Cancer continues to be a significant cause of adult mortality across the US and worldwide. It’s thought that around 158 people per 100,000 will die of cancer-related illness. Thankfully, innovative startups are working diligently to help beat cancer for good. But how big a mountain is this to climb?
Startups and Cancer Research: The Lowdown
The great news is that there seems to be a slight shortage of startups in the oncology sphere. Oncology, specifically, researches cancers and their effects on human bodies. We are already able to treat cancer and even help people beat the debilitating illness. However, there is room for innovative improvement.
Investors are increasingly interested in iconology ventures. It’s estimated that the sector alone is worth more than $92 billion in the US, thanks to investor funding. This money is helping to fund new strategies in gene therapy, drug targeting and more.
Data shows that there are already multiple unicorns in US oncology, and this means there are several with funding worth close to the billion margins. The reason why there are so many oncological ventures is, of course, due to the complexity of cancer. There is also the matter of mutation and of different cancers attacking different bodily cells.
To understand why there is such a boom in cancer research investment, we need to look at some success stories.
Oncology Ventures Changing the Future
Cancer is a phenomenon that is incredibly difficult to predict and measure. Research and treatment are already at an impressive level. However, firms across the US are keen to do more.
Leading the way, for example, is the San Francisco firm Allogene Therapeutics. Allogene is worth more than $790 million at the time of writing, with designs on stem cell research. In particular, researchers at the venture focus on blood cancers. They are recruiting patients for trial assessments and aim to attack myeloma and leukemia.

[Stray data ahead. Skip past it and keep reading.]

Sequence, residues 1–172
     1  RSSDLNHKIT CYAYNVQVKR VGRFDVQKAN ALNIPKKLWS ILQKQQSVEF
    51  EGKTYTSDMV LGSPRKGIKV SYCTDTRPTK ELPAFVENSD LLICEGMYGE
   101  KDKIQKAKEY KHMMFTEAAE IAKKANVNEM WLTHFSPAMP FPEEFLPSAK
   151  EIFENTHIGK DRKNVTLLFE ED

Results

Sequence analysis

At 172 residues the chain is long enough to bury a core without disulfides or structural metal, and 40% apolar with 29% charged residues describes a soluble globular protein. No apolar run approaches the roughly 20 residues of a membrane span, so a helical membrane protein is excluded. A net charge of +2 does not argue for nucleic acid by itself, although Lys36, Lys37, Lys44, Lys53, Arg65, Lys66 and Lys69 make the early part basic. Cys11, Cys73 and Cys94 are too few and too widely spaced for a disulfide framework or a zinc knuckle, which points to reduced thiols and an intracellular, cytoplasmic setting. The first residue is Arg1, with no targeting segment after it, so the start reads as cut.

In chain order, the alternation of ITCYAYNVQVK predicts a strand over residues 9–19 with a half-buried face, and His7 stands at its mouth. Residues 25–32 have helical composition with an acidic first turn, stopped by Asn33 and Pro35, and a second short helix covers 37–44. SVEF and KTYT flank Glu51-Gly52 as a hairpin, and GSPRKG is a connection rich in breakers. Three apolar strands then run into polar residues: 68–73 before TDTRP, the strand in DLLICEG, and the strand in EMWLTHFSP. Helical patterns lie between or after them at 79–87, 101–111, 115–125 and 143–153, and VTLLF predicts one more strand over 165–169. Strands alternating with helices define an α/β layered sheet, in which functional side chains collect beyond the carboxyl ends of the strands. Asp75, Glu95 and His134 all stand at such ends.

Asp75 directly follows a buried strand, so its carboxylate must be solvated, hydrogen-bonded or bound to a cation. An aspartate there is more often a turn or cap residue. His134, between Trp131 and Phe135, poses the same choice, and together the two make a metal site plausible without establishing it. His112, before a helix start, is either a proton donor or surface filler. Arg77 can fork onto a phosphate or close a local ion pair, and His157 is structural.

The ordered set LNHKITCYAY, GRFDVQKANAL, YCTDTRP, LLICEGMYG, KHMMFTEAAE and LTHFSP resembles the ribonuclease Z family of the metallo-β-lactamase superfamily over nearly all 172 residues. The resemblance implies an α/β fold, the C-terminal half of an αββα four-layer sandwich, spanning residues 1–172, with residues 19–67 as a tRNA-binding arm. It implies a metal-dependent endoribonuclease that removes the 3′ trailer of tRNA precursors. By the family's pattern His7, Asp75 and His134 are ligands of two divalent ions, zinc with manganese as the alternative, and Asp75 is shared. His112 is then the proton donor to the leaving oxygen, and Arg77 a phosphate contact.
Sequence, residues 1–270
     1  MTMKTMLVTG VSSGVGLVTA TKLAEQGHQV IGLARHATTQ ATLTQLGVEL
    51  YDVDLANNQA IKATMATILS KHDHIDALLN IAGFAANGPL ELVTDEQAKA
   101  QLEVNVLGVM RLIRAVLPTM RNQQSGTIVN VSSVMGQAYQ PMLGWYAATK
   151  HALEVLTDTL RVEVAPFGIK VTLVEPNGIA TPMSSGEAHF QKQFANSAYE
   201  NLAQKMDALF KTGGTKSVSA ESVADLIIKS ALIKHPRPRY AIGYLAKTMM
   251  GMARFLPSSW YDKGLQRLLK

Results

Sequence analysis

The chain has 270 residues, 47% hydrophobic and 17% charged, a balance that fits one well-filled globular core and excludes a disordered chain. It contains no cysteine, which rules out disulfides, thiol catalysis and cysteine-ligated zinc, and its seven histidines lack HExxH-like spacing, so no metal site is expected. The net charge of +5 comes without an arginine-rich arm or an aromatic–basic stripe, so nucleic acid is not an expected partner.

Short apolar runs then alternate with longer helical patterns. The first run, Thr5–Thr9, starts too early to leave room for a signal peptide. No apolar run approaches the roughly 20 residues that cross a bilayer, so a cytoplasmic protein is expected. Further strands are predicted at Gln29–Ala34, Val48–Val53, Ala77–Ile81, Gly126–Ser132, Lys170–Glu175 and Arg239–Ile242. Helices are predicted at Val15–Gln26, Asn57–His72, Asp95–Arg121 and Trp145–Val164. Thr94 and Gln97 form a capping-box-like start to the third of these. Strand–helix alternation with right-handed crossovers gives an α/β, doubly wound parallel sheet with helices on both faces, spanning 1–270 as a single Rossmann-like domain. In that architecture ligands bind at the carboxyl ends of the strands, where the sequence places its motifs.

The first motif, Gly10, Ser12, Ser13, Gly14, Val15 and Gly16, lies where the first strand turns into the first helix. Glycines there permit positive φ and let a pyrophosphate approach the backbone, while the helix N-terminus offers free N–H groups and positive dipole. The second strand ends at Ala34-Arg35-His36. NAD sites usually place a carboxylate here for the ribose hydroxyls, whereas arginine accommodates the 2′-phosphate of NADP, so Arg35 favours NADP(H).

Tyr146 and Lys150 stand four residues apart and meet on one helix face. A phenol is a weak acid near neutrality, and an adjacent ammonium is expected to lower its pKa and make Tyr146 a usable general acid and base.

Grail, meanwhile, is a super unicorn based in Menlo Park. Disclosing funding of at least $2 billion, Grail pivots towards cancer prediction. Publishing several clinical studies, their research lobby focuses on pinpointing blood cancer signals. Their route forward also lies in analyzing non-cancer patients to map correlations and signs.
Color, based in Burlingame, also challenges the prediction subsphere. Launched in 2013 and worth more than $284 million, the firm focuses on saliva kits. Specifically, their testing homes in on largely female-centric cancers, in particular ovarian and breast.
A 2015 venture continuing to grow is Nohla Therapeutics. This Seattle firm pioneers treatments based on umbilical blood transfer as an alternative to bone marrow. As of the time of writing, the firm is worth more than $120 million.
Can These Innovators Beat Cancer?
Cancer is a huge and complex problem that requires multiple research strands. As such, it stands to reason that we’ll see many ventures proposing different routes over the years to come.
Right now, interested parties may use databases such as Fundz to find cancer research startups pushing the envelope.